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5th July 2019, 14:11 #1
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Why is Corner Frequency always 3db
During my electronic tutorials on filters, I was told that the corner frequency of RL filters and RC filters is where the gain deviates by 3db.
however, there was no stated reason why it had to always be 3db.
I would love to know the reason why it has to be 3db

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5th July 2019, 14:35 #2
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Re: Why is Corner Frequency always 3db
Hi,
a frequently asked question. There there are already discussion here in theis forum and even more in the internet.
Use the links in the box "Similar threads" below.
In short:
It´s not always 3dB.
 3dB means half the power:
Imagine a 2 way speaker box. There is a crossover installed. One is a HPF the other is a LPF. Say both filters have a cutoff at 2.5kHz. Now at exactly this frequency: half of the power comes from the low frequency speaker, the other half of power comes from the high frequency speaker (in ideal case).
Another cause:
Draw a chart (log Xaxis = frequency, linear dB axis) of an LPF (or HPF) there is a flat horizontal line from 0Hz close to fc...then there is a bent line around fc .. then it becomes again a straight line with constant slope.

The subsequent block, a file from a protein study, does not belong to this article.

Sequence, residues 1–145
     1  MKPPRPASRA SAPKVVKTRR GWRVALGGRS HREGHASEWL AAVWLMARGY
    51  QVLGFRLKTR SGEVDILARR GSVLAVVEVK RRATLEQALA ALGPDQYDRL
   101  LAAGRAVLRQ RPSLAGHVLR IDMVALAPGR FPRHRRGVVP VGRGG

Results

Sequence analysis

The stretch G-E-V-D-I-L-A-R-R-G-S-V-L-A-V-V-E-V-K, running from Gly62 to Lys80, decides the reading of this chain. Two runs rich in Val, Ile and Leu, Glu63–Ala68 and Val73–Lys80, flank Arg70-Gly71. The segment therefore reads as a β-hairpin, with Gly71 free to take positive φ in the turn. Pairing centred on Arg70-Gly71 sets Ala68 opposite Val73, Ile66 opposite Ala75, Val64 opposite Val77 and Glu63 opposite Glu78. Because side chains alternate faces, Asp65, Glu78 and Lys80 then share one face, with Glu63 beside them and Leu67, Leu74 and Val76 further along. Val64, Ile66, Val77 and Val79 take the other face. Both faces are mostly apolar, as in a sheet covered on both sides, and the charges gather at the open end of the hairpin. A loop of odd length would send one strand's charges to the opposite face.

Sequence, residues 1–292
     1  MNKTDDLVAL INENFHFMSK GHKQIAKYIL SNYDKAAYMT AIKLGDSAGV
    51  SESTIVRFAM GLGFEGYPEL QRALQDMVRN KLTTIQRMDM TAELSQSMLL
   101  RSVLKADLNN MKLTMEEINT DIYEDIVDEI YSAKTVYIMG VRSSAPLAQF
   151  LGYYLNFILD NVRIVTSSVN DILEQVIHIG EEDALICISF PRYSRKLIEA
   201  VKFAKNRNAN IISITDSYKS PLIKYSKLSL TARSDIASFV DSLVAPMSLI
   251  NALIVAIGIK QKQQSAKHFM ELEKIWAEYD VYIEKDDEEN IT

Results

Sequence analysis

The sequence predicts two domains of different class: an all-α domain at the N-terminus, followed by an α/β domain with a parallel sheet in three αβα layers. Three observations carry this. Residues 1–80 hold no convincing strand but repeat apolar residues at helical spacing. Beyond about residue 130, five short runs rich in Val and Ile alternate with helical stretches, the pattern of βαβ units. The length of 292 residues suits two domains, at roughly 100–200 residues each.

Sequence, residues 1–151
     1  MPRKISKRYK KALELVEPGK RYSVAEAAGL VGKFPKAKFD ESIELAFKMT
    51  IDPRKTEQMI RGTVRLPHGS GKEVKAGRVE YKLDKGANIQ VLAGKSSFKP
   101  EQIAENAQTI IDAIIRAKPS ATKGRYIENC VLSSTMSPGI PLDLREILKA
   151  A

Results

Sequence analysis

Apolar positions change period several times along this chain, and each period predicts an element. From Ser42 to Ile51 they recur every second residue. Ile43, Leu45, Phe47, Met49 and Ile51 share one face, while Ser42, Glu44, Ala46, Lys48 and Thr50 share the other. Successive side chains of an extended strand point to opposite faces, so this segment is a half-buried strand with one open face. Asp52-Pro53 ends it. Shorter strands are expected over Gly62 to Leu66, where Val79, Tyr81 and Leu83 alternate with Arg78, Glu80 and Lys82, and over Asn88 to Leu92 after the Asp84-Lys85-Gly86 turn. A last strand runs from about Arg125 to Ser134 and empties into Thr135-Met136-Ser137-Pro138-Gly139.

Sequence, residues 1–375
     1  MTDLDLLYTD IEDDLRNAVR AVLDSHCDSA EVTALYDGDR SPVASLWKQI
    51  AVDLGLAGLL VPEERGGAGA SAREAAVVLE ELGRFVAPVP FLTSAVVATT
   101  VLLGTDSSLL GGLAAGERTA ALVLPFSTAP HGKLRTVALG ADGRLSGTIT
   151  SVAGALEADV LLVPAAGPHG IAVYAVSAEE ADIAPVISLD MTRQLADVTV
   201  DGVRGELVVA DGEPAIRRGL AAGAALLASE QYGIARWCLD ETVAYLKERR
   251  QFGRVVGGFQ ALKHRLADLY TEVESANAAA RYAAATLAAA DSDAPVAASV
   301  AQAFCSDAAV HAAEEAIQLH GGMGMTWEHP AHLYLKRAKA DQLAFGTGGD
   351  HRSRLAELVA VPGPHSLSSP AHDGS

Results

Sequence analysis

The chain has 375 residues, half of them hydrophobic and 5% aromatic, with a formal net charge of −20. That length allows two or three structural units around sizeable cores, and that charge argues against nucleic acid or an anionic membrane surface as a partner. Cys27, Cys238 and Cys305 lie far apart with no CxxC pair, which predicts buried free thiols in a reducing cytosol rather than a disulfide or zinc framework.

Now extend the horizontal straight line in direction fc ... and extend the other straight line in direction to fc.
Where these both lines cross is fc (on most linear filters) ... and when you check the attenuation at this frequency: it will be 3dB. (on most linear filters)
(while the Y axis in dB is linear, the amplitude is logarithmic because of the mathematical calculation from amplitude to dB)
KlausPlease don´t contact me via PM, because there is no time to respond to them. No friend requests. Thank you.

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5th July 2019, 17:42 #3
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Re: Why is Corner Frequency always 3db
Excellent explanation by KlausST.
Just to add a tiny bit ... it's calculated from Log10( 1/ 2) = 0.3010299 dB

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5th July 2019, 18:06 #4
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Re: Why is Corner Frequency always 3db
however, there was no stated reason why it had to always be 3db...
It is typical to consider 1/2 value, e.g., half life, halfpower or half of some signal that decays exponentially.
For an exponentially decaying signal, one interesting property is that halfsignal value is constant; it does not depend on the original reference point.
If you have an exponentially decaying signal, and you plot that on a halflog paper (xlin and ylog), you get a straight line.
If you also convert the yaxis scale, 1/2 point will be log(1/2)=log(2)=0.3010 or 3db. That is where the 3db comes in the picture.
Hence, 3db point is the one where the signal becomes 1/2; at 6db point the signal becomes 1/4; at 12db point the signal becomes /16th of the original.
Next question will be the order of the filters. Well, that is another story.

5th July 2019, 18:40 #5

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5th July 2019, 18:59 #6
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Re: Why is Corner Frequency always 3db
Try not to obfuscate the issue...

5th July 2019, 19:27 #7
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